The authors are journalists rather than professional historians or archaeologists, but they do have a talent for writing and a sense of the character of the South and Civil War history that gives the book a more readable quality. They also seem to have researched their topic well. The final pages of the book recount their efforts to follow the "fish boat's" story from first inception to final successful strike against the USS Housatonic, a Union ship participating in the blockade of the Charleston harbor. Considering that the Hunley was a secret weapon and a stealth weapon at that, its paper trail would be expected to be a difficult one to follow. The authors made a remarkable success of it, giving life to their subject.
Interesting too was the narrative of the Hunley's resurrection and restoration. The serendipitous survival of the boat in a nearly intact condition is itself an amazing story. The great care with which it was removed from the water and painstakingly preserved is a credit to underwater archaeology. Certainly it could easily have been a disaster. What the preserved remains had to say about the vessel itself: its construction, its advanced styling, the likelihood of it's having continued to be water free for long enough to allow small stalactites to form, etc. made it an even more entertaining study. It's definitely on par with the Titanic for human interest.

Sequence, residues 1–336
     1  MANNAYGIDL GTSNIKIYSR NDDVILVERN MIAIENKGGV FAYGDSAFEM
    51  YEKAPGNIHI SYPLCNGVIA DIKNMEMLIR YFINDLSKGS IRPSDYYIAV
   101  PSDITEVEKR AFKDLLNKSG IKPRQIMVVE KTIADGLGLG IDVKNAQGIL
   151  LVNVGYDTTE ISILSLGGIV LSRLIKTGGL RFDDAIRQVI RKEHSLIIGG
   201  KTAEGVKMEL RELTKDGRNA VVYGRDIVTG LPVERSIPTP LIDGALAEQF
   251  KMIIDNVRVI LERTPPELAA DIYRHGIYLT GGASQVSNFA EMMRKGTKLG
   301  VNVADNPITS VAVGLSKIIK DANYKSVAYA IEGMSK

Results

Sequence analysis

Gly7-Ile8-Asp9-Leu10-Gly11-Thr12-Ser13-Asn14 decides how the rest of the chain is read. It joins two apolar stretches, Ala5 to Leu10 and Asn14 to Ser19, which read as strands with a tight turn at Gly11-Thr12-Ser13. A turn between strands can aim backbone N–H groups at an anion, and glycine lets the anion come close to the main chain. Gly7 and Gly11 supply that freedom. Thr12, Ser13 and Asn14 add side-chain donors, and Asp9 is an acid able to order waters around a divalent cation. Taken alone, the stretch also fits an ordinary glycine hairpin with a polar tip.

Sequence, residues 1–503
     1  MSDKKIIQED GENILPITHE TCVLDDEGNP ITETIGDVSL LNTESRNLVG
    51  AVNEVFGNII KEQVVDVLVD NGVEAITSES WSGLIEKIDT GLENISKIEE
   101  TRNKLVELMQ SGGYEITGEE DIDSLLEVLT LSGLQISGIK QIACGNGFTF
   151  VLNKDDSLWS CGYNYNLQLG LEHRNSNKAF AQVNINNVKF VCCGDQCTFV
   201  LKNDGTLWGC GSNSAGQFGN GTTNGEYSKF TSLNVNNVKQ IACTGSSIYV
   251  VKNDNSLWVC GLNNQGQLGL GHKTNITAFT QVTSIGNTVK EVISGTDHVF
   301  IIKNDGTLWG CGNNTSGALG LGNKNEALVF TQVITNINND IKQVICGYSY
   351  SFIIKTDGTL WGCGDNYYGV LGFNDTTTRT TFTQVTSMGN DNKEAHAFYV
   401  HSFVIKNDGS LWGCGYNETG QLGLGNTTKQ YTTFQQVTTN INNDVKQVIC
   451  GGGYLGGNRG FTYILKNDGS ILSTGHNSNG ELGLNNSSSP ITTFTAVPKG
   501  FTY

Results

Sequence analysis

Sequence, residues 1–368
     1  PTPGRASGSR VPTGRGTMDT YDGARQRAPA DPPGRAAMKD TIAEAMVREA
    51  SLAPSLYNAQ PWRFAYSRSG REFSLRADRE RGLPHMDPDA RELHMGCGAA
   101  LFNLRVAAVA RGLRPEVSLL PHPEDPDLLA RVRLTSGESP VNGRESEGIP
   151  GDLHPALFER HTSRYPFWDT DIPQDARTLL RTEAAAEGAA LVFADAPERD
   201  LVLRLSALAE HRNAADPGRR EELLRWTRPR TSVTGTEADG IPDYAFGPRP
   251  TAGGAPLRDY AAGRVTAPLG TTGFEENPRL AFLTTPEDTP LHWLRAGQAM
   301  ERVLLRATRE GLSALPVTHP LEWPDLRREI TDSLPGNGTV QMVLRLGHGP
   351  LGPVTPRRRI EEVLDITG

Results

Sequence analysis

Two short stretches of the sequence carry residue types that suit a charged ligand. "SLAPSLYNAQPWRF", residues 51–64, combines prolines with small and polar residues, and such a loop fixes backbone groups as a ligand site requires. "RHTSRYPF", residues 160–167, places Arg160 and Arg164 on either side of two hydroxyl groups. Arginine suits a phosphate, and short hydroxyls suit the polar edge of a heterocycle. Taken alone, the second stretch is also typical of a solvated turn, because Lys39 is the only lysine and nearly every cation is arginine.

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12 of 12 people found the following review helpful By Michael D. Muth on May 15, 2002
Format: Hardcover
Brian Hicks and Schuyler Kropf have lived and breathed the Hunley since 1995 and it shows with this book.If you are unfamillar with the story of the Hunley,this is the book that will bring you up to speed.From the concept,to the attack,to the raising,to the excavation,Hicks and Kropf makes you feel like your right there.This book is a must read.